There’s no hard number upon which Director Lisa Estrada settles in advance, but the squad has featured 22 members in the past few seasons and won’t be far off.
You’ll be able to watch how it all goes down thanks to Time Warner Cable SportsNet and Deportes, which documented the entire five-day audition process for a series that will air following production. Stay tuned for that, but for now we put together some photos from final auditions, with comments from Estrada to help define the process:
“Each one of you that’s here could definitely fit the Laker Girls mold and be in this position, because you’re all very talented and I could work with any one of you,” Estrada told the dancers before things got going.
The girls do the two routines that were taught at auditions — one novelty, one jazz/funk — in front of a smaller panel of judges than were at Saturday’s auditions. “Luckily there were no mess ups,” said Estrada. “The talent level was high, and the candidates proved to us why they made the finals.”
The girls have a few minutes to gather themselves, touch up some make up, grab or snack or what have you in between the jazz/funk and novelty routines. Meanwhile, the judges (and reporter) eat a variety of snacks (M&M’s, trail mix, licorice) provided by Estrada.
First off, we didn’t know why she wasn’t on time, and my worry was something happened – so I made sure I called my voicemail and checked my email. I didn’t see any messages after 5 p.m., so, we ultimately went forward and started the call back. When she came almost 45 minutes late, at that point there was no need to go through the rest of the process. I explained during the interviews that time management, scheduling at games and appearances and so on must be diligent, so obviously she would not be a candidate in this sense. She also happened to be 30 minutes late for her interview.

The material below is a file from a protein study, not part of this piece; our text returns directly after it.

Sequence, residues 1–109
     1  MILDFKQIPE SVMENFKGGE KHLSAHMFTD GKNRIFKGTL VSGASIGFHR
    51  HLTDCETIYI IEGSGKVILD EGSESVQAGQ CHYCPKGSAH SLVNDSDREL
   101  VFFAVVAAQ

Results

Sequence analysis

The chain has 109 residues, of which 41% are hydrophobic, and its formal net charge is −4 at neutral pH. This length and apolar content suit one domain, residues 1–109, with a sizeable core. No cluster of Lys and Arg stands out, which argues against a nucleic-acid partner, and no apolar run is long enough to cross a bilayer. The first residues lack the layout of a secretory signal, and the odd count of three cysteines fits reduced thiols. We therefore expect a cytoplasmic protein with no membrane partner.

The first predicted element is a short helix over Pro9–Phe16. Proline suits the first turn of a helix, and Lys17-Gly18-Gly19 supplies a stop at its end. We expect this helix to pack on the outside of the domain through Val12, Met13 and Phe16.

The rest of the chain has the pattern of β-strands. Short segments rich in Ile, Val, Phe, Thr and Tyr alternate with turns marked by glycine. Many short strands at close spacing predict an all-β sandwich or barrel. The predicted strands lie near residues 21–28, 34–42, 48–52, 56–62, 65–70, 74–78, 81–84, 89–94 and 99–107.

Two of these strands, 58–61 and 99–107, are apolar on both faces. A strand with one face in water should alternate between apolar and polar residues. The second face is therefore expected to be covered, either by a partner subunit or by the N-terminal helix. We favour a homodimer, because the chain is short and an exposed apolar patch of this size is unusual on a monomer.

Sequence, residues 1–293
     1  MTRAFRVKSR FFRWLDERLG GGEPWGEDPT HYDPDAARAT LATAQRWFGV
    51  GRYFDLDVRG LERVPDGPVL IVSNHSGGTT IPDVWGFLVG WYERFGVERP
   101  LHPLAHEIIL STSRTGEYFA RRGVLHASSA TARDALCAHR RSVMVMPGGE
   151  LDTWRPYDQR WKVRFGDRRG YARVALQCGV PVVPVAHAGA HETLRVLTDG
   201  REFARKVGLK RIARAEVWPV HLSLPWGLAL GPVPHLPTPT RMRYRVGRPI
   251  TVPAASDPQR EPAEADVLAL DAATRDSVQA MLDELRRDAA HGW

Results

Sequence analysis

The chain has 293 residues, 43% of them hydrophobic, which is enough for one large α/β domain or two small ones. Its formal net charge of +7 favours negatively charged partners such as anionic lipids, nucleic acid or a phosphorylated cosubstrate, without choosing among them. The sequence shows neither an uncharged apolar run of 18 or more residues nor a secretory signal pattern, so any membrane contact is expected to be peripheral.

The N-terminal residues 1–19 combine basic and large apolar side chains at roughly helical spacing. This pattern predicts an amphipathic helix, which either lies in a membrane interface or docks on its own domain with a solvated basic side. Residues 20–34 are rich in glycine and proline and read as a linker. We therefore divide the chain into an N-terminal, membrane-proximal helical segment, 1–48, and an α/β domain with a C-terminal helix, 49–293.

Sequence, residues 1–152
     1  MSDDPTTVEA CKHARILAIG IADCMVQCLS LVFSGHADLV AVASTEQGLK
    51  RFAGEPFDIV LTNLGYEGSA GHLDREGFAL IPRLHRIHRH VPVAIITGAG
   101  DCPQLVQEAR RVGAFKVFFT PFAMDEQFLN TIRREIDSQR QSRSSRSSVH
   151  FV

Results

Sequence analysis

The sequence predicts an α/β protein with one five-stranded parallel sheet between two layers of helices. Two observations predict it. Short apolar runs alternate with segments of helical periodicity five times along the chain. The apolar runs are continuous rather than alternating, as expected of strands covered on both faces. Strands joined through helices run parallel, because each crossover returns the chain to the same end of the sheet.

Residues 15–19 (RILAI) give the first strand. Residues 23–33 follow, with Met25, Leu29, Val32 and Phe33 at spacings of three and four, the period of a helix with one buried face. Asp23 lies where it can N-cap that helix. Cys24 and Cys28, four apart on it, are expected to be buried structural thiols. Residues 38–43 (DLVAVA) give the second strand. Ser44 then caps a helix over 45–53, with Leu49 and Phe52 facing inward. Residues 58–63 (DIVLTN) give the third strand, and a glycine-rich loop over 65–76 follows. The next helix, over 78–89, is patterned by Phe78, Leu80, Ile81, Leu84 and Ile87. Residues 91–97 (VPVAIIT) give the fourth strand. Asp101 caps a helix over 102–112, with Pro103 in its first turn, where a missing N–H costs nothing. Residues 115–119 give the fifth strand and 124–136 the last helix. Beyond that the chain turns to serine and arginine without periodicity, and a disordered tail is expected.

Small groups of dancers (usually five, sometimes four) performed the next routine before returning to the line. Estrada said her judges are looking at height, weight, body sizes and style in addition to, of course, dancing ability. “We try to figure out who is appealing out on the court,” she said. “That’s what the fans will be looking for, so that’s what we’re looking for.”
Next comes the “Mood music” section, in which each dancer comes in front of the judges to introduce herself and then dance briefly as a Laker Girl might during a time out or break in action. “That’s where they free style and cheer to get the crowd going,” said Estrada. “Most of these ladies have cheerleading and dancing backgrounds, and they understand what to do at a game. They’ve been on college or other professional teams before. This not a make or break thing, but it gives us another chance to see them individually.”
Estrada has already learned a lot about the dancers during 1-on-1 interview at the office on Monday, Tuesday and Wednesday, but the judges will ask certain ladies questions ranging from “Why do you want to be a Laker Girl?” to “What’s your favorite movie” and “What’s your celebrity look alike?” Here, veteran LG Dara fields some questions.
This potential newcomer, Elizabeth, studied molecular biophysics at Yale, while another studied dance at the Julliard School. As Estrada mentioned, she was very impressed with more than the dancing ability at auditions.
After Thursday’s final audition concluded, Estrada thanked everyone for coming and returned to her office for the most difficult part of the process: selecting the actual team.
“I’m going through all the candidates’ references in the next few days, and will check up on everybody to see what kind of employee or staff member they were at their previous place of employment,” she concluded. “The idea is to get a better understanding of what they’re made of. But I’m very, very excited about the group from which we have to choose.”